Une grande nouveauté pour moi et une belle tentation qui se marie à merveille avec l’agneau… et pour terminer, qqs beignets gourmands !

  6. Rosa says:

    Nice lamb chops! That is an interesting recipe!



  7. lynn says:

    This looks really good! Thanks for sharing and teaching me about an entirely new ingredient. It’s such fun to learn about foods from all over.

  8. rebecca says:

    oh wow I wish there was a Middle Eastern store nr here this dish looks amazing and I adore lamb

  9. Juliana says:

    Yummie, the lamb chops looks delicious…and thank for the info on the freekeh…very interesting 🙂

  10. Léa says:

    J’arrive ici via Tarzile et je découvre. C’est génial, merci! Je vais enfin pouvoir faire de la freekeh! Je vais découvrir tranquillement le reste du blog. Yalla bye!

  11. oum mouncifrayan says:

    waaww, une excellente assiette!! je te piquerai une part!! bisous et merci pour tes passages.

  12. Kirstin says:

    I used to live in Jordan and I practically survived on freekeh! I haven’t had it in years but I’m totally craving it now!

  13. Kate/Kajal says:

    I’m buying me some freekkeh today. Fortunately for me, i have a Lebanese supermarket very close to my place. I love lamb chops, n this is a beautiful recipe. Thanks for showing me something new today !

  14. dana says:

    It is too dangerous checking your blog at work, Joumana, but I simply couldn’t resist. I am off to a meeting now thinking of this yummy Freekeh 😉


  15. sabah says:

    J’ai toujours voulu tester lefrikah, je le vois chez les magasins libanais mais je n’ai jamais su comment le préparer. Merci d’avoir partagé avec nous cette recette.

  16. spice says:

    Looks very delicious…never heard o green wheat before….love lamb….will look for green wheat next time I go to some middle eastern food store…

  17. shayma says:

    i love freekeh and like the way you have paired them with lamb chops. hope youre well, J. x shayma

  18. Jeanne @ Cooksister! says:

    Such an interesting post – I had never heard of this green wheat before. Also, thanks for reminding me that lamb chops are not only for the summer when we can BBQ them 😉

  19. Doria says:

    Tu me fais découvrir des fèves vertes que je ne connaissais.
    Ton plat est très beau !
    Bisous, Doria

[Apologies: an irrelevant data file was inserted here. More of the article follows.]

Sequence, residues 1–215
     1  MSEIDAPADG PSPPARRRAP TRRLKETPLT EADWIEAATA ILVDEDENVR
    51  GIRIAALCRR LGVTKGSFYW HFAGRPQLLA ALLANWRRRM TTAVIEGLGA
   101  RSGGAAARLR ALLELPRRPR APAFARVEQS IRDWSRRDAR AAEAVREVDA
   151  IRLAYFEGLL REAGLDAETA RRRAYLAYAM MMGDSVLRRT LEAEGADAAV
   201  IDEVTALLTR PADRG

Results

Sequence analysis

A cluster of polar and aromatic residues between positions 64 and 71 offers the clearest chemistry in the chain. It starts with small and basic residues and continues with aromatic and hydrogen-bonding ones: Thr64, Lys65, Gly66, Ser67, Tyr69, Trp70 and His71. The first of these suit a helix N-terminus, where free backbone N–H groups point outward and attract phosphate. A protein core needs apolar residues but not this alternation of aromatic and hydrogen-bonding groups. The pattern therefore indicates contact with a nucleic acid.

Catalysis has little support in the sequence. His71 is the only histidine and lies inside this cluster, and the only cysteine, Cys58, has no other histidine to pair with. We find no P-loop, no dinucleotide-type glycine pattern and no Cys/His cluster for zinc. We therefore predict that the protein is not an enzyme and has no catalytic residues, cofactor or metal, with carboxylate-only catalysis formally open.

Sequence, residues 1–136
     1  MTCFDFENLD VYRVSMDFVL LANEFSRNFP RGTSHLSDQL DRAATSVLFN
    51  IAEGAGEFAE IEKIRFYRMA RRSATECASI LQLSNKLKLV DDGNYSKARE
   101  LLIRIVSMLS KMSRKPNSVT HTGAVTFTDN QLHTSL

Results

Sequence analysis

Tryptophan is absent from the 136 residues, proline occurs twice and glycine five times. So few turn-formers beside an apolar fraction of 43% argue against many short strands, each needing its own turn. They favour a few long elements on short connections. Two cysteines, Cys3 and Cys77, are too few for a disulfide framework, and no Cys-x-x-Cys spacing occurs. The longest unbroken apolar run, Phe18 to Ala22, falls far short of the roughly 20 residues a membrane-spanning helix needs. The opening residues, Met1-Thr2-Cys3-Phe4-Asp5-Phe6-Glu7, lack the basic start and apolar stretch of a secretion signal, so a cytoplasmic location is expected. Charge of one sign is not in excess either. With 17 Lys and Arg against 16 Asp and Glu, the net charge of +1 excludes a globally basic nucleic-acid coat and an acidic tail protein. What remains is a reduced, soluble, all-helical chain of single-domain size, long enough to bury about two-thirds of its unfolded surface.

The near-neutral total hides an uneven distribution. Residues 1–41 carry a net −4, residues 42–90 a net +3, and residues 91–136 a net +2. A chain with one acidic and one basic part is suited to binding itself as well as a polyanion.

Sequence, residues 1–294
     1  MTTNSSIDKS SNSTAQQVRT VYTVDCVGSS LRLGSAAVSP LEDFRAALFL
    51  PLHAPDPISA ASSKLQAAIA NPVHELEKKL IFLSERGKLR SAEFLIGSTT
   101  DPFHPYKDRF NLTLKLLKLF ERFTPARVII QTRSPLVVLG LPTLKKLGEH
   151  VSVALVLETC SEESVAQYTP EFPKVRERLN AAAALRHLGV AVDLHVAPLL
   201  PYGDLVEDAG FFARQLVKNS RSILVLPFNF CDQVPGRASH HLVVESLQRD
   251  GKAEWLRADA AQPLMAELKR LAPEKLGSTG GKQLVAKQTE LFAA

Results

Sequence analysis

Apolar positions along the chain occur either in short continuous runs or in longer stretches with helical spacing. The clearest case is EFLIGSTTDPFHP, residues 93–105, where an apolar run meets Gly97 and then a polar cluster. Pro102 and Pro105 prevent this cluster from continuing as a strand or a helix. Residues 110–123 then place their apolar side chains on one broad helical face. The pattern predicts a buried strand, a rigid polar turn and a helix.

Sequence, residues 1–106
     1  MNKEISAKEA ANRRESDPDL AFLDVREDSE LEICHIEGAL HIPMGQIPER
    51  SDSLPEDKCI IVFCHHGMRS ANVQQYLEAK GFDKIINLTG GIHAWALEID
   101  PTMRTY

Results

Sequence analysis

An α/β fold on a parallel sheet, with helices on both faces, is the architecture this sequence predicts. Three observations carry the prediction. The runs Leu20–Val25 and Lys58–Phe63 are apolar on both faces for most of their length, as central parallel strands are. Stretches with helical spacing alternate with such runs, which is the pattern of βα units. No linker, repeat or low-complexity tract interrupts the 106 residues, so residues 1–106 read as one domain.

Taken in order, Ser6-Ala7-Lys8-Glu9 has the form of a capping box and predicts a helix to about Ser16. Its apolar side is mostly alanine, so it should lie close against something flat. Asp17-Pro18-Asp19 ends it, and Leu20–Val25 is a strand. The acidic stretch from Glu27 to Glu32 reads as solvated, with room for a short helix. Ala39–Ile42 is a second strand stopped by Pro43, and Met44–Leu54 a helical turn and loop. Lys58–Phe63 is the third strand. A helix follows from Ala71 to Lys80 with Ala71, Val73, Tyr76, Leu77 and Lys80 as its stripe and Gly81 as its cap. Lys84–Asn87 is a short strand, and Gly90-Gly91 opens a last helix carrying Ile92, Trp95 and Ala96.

20. Peter says:

    Joumana, if Freekah or any other Lebanese & mid-east ingredient soar – I’ll remember where I first heard of it. Another item to get from Nasr foods!

  21. Sam says:

    I looked all over the country for san marzano tomato can and couldn’t find (Designation of origin or not). Any pointer?

    • Joumana says:

      @Sam: There is a store in Beirut (in Solidère) called La Posta; they should have it and if not they would have canned tomatoes imported from Italy.

  22. Sam says:

    Tkx joumana, I recall going there several months ago. They did carry italian plum tomato except its not grown in the san marzano region on the volcanic soil (the secret of its Yumminess). Next time you find them, stock them in your pantry 😉

  23. Tom says:

    Can anyone tell me where the freekeh wheat is produced ? or can you use any variety of wheat…

    • Joumana says:

      @ Tom: The one I buy is imported from Lebanon; but I found out recently that there are producers in the US; in Australia too I gather. The variety of wheat is specifically roasted (or smoked) and green in color.

  24. Tom says:

    I grow wheat in Australia, the varieties are either “hard” for breads and instant noodles, “soft” for cakes and biscuts, “noodle” for north asian noodles like Udon (japanese) or “durum” for pasta. I’m wondering what quality of wheat is specific for Freekeh, could it be its own variety ? I understand there is a process or technique to value add (roasting) before it is packaged and sold.

    • Joumana says:

      @Tom: It is my understanding that the freekeh came from the hard variety of wheat that was used for bread; it is smoked; when I get a hold of more specifics, I will let you know!